“I thank the club for the invitation to do so. I was formerly the disability officer in the PCS union when I was a civil servant but I am still very active in advocating rights for the disabled community.
“Our club gains a vast amount of negative and incorrect media attention, but highlighting the inclusive way we, as a fan base, embraces anyone and everyone to our Rangers family is something that should be applauded the world over.
“The campaign is ground-breaking in the football world and shows that we are not only world record breakers for the titles we have won but we are welcoming to everyone.
“The launch of the campaign was exceptional, meeting the manager and captain on the pitch was a special moment. I’m sure the gaffer was more impressed with my guide dog Milo rather than my advice on us bagging title 55!
“I would like to applaud the club for the campaign and leading from the front once again.”
Scott has strong links with the Rangers Charity Foundation and has undertaken a series of personal challenges to raise funds for the organisation. His selfless acts really do make a positive difference and he is delighted to do so under the Rangers banner.
He continued: “Over the years I have taken part in various events organised by the Rangers Charity Foundation, and they have also been very supportive of events that I have organised in aid of the charity.
“I was humbled to have been awarded an MBE in 2011 for my fundraising endeavours and it was thanks to the support from the club, the Rangers Charity Foundation and the worldwide Rangers family.
“The support from the club and legends over the period on treks on the West Highland Way was incredible. I also took up running four years ago. Running with a sighted guide is rather special, but it was even more special taking part in the Manchester Marathon with the Charity Foundation colours on my chest was incredible and exactly 10 years after being part of 250k fans in the city at the UEFA Cup Final.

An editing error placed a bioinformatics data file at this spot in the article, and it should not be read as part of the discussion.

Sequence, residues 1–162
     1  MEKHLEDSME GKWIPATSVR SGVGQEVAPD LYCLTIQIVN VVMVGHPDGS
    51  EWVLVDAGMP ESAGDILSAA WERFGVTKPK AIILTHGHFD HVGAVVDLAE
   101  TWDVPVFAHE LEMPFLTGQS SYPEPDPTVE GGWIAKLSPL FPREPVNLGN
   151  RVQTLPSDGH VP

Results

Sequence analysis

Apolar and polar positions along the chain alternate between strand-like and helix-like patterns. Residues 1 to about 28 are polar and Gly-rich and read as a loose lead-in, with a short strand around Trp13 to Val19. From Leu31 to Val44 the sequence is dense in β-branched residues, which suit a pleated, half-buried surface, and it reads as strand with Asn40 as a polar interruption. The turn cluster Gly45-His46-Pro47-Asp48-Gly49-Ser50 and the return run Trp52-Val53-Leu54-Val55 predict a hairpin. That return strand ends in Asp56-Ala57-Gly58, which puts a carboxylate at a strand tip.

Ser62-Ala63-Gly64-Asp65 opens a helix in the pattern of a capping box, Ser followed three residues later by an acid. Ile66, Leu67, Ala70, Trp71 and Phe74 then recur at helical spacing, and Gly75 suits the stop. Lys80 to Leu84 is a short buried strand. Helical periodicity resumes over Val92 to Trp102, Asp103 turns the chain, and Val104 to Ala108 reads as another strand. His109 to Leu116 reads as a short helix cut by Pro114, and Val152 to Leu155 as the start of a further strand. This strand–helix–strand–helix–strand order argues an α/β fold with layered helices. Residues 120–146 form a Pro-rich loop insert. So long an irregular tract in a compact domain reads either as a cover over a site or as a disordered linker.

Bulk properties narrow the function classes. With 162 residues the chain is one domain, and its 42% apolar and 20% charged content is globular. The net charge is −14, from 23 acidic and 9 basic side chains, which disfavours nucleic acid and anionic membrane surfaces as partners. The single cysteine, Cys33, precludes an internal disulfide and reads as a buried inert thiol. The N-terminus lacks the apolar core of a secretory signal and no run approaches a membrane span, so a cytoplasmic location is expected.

“During the long lonely miles on marathons I can vividly recall Ray Wilkins scoring that magnificent strike in the 5-1 demolition of Celtic from my seat in the Copland Road Stand. That sight would bring a smile to any bluenose and it’s a sight that I will never lose!!
“55 is going to be the biggest party ever for the Rangers family and it will be an occasion to savour the world over and it will be an opportunity to highlight we are simply the best.
“Over the years I have been very lucky to have travelled to many far off European cities to follow follow our club. Many friendship have been created with the locals who are not only fascinated about me being a blind Gers fan but delighted to be taught about our unique history.
“The hand of friendship we extend to every culture we meet does not go unnoticed and is very evident. We are so good at welcoming every disability, creed, colour and religion to our famous stadium.
“I may be a totally blind bluenose but Rangers are and always will be a way of life for me it is not just a football club – it is everything.
“We, the Rangers fans, should be applauded for the welcome we extend to anyone and everyone. There are no barriers to following the greatest football club the world has seen.”
CLICK HERE for more information on the Everyone Anyone campaign.
CLICK HERE for more information on the new Rangers Fans Charter.
CLICK HERE for more information on the Rangers Charity Foundation.